Institute of Applied Geoscience (IAG)
Upcoming Earth and Environment seminars

Research Seminars

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Ironing out glacier nutrient cycling

Date: Friday 20th April

Time: 15:00 to 16:00

Presenter: Jon Hawkings, University of Bristol

Location: 10.125, School of Earth & Environment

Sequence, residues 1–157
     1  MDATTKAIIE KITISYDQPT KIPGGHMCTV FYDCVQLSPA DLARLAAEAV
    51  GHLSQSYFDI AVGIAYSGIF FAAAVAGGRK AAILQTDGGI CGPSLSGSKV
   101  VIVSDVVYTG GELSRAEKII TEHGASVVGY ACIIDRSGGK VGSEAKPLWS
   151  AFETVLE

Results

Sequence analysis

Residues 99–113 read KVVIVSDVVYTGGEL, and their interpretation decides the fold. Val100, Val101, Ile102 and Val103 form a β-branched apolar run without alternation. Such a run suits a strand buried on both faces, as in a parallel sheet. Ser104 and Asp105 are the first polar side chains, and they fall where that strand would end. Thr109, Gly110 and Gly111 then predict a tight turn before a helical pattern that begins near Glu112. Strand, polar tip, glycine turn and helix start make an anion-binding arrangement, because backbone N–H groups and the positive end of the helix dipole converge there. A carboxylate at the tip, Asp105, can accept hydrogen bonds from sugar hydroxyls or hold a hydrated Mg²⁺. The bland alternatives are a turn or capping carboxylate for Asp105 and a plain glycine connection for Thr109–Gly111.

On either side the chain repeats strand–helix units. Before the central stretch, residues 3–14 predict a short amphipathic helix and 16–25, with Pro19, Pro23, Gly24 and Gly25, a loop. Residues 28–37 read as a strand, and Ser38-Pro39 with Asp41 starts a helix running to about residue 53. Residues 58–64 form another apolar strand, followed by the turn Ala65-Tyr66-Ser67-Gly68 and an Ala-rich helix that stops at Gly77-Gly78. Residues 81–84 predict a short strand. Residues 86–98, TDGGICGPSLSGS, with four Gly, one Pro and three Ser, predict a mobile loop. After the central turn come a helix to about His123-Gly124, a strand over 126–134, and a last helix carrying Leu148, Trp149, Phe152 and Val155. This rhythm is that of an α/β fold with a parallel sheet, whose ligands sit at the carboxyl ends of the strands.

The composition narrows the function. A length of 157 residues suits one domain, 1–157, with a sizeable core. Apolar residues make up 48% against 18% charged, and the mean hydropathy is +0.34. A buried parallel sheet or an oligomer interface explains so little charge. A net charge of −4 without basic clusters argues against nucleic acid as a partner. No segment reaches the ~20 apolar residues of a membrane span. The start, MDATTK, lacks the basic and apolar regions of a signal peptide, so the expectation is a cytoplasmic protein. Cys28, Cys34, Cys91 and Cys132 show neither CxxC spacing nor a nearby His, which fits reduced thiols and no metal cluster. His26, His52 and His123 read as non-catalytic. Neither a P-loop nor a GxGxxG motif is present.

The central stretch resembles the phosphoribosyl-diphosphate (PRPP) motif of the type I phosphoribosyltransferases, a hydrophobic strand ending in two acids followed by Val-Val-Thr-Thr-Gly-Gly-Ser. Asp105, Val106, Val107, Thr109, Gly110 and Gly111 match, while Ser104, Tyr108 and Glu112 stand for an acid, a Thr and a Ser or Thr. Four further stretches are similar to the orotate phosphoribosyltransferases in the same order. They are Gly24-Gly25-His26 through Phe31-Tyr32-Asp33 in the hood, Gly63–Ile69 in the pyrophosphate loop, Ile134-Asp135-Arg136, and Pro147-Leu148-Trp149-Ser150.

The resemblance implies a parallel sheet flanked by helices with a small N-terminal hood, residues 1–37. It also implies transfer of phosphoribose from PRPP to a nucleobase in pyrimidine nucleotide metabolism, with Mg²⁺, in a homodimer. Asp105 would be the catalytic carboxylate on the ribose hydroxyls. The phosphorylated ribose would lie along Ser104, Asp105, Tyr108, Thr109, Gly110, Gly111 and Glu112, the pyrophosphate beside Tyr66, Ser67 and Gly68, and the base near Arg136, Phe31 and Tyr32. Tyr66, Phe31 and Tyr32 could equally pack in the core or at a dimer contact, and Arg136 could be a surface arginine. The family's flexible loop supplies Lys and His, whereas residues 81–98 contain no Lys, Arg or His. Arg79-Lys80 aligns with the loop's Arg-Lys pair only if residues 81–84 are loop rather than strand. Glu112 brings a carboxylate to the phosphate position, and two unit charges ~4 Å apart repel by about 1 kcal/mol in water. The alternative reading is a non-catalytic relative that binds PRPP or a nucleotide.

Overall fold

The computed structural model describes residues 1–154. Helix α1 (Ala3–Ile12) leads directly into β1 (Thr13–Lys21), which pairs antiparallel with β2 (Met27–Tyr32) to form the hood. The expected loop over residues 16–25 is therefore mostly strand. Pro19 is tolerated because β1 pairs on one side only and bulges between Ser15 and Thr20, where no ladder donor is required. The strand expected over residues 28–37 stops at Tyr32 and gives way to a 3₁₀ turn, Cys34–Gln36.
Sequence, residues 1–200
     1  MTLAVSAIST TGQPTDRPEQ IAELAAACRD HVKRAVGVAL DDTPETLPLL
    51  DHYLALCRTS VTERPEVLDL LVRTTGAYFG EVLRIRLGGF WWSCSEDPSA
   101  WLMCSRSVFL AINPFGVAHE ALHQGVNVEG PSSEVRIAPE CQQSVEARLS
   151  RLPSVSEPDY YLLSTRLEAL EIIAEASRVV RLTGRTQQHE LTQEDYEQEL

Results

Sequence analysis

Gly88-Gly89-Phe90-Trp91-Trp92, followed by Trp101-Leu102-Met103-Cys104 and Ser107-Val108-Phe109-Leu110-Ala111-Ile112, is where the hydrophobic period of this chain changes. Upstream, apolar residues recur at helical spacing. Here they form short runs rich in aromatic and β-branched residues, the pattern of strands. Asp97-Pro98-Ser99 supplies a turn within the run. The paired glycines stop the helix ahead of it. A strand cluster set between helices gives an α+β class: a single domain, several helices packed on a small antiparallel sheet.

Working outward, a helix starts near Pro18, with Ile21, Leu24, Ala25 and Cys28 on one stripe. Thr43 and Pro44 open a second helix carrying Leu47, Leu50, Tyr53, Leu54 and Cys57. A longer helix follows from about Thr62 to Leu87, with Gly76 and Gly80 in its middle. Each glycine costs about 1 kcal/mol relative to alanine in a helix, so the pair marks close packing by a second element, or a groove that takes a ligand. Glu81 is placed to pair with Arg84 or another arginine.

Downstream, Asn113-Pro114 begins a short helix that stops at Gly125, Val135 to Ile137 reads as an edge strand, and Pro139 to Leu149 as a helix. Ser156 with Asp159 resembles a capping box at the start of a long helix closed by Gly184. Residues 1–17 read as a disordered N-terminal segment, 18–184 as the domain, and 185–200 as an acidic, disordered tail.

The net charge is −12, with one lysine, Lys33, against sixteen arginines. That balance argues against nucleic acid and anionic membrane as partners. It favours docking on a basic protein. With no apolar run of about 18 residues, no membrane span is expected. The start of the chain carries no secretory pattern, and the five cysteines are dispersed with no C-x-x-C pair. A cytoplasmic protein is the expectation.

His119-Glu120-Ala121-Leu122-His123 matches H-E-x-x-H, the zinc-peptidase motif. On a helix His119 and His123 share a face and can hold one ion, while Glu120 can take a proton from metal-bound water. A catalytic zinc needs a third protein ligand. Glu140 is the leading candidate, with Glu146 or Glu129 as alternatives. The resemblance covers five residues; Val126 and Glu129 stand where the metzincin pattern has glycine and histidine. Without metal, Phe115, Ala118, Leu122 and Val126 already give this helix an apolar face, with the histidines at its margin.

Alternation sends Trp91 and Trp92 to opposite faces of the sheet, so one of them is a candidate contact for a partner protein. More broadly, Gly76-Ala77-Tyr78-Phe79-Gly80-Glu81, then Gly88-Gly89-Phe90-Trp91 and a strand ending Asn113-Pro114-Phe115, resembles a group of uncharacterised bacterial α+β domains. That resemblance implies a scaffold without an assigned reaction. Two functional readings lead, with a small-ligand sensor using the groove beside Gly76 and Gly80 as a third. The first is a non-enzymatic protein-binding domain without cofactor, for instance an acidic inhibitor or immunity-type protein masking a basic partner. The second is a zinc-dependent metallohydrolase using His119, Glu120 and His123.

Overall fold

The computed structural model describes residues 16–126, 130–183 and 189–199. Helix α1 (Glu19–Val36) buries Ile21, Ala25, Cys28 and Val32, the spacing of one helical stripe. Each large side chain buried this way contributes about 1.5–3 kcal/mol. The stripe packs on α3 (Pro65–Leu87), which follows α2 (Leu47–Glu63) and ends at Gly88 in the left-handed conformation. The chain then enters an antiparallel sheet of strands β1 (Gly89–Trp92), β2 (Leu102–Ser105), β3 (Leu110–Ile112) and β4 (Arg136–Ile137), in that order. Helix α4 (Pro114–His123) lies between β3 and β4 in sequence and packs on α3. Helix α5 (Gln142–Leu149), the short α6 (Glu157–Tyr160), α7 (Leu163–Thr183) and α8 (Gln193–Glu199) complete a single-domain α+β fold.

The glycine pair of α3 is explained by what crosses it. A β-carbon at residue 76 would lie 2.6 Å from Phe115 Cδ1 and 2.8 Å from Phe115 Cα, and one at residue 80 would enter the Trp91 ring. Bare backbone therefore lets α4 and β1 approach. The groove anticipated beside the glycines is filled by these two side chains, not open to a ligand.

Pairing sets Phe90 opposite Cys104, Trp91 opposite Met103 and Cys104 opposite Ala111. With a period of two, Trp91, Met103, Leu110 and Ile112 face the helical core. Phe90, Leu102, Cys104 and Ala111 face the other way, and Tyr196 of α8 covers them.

Iron (Fe) is the major limiting nutrient in around one third of the oceanic euphotic zone, most significantly in the Southern Ocean proximal to Antarctica. In these areas, the availability of bioavailable iron can influence the amount of primary production, and thus the strength of the biological pump and associated carbon drawdown from the atmosphere. Due to the extreme cold, remoteness and their perceived “stasis”, ice sheets have previously been thought of as insignificant in global biogeochemical cycles, including in the cycling and export of Fe. However, large marine algal blooms have been observed in Fe-limited areas where glacial influence is large, and recent evidence suggests it is possible that at least some of these regions are stimulated by bioavailable iron input from nearby glaciers. Here the potential importance of glaciers in the global Fe cycle will be evaluated using data from the Greenland Ice Sheet, the Antarctic Ice Sheet, Svalbard and the Patagonian Ice Fields. Trace element data, bulk meltwater chemistry, isotopic and mineralogical analysis, including high resolution microscopy and synchrotron based spectroscopy, will be used to produce a conceptual model of the glacial Fe cycle from source to sink. Additionally, evidence of Fe controls on glacier based phosphorus cycling, and a potential role for amorphous silica in stabilisation of potentially biolabile Fe(II)-rich species will be discussed. This data provides new insights into the importance of glaciers and ice sheets in regional biogeochemical cycling.